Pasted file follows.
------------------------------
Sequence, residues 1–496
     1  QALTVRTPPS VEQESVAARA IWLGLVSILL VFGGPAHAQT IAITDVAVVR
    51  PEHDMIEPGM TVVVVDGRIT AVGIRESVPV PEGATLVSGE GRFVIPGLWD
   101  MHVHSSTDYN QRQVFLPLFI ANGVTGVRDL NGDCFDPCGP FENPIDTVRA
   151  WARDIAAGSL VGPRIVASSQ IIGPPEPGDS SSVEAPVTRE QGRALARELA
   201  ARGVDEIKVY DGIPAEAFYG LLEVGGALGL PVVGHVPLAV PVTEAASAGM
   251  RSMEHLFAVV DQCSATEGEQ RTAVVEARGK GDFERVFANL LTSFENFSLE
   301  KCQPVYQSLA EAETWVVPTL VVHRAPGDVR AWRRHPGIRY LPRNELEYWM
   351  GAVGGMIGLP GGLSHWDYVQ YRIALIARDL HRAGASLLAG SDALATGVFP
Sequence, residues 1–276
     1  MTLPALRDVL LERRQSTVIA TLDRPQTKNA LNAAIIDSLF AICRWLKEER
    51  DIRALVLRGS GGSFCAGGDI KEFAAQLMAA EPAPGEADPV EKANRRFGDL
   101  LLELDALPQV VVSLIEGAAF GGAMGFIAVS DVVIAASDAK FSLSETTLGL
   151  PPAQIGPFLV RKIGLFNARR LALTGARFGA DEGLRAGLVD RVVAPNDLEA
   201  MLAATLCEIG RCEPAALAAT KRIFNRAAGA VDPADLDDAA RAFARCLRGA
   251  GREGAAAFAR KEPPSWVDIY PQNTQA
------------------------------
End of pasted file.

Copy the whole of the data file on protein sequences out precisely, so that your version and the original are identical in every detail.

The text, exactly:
Sequence, residues 1–496
     1  QALTVRTPPS VEQESVAARA IWLGLVSILL VFGGPAHAQT IAITDVAVVR
    51  PEHDMIEPGM TVVVVDGRIT AVGIRESVPV PEGATLVSGE GRFVIPGLWD
   101  MHVHSSTDYN QRQVFLPLFI ANGVTGVRDL NGDCFDPCGP FENPIDTVRA
   151  WARDIAAGSL VGPRIVASSQ IIGPPEPGDS SSVEAPVTRE QGRALARELA
   201  ARGVDEIKVY DGIPAEAFYG LLEVGGALGL PVVGHVPLAV PVTEAASAGM
   251  RSMEHLFAVV DQCSATEGEQ RTAVVEARGK GDFERVFANL LTSFENFSLE
   301  KCQPVYQSLA EAETWVVPTL VVHRAPGDVR AWRRHPGIRY LPRNELEYWM
   351  GAVGGMIGLP GGLSHWDYVQ YRIALIARDL HRAGASLLAG SDALATGVFP
Sequence, residues 1–276
     1  MTLPALRDVL LERRQSTVIA TLDRPQTKNA LNAAIIDSLF AICRWLKEER
    51  DIRALVLRGS GGSFCAGGDI KEFAAQLMAA EPAPGEADPV EKANRRFGDL
   101  LLELDALPQV VVSLIEGAAF GGAMGFIAVS DVVIAASDAK FSLSETTLGL
   151  PPAQIGPFLV RKIGLFNARR LALTGARFGA DEGLRAGLVD RVVAPNDLEA
   201  MLAATLCEIG RCEPAALAAT KRIFNRAAGA VDPADLDDAA RAFARCLRGA
   251  GREGAAAFAR KEPPSWVDIY PQNTQA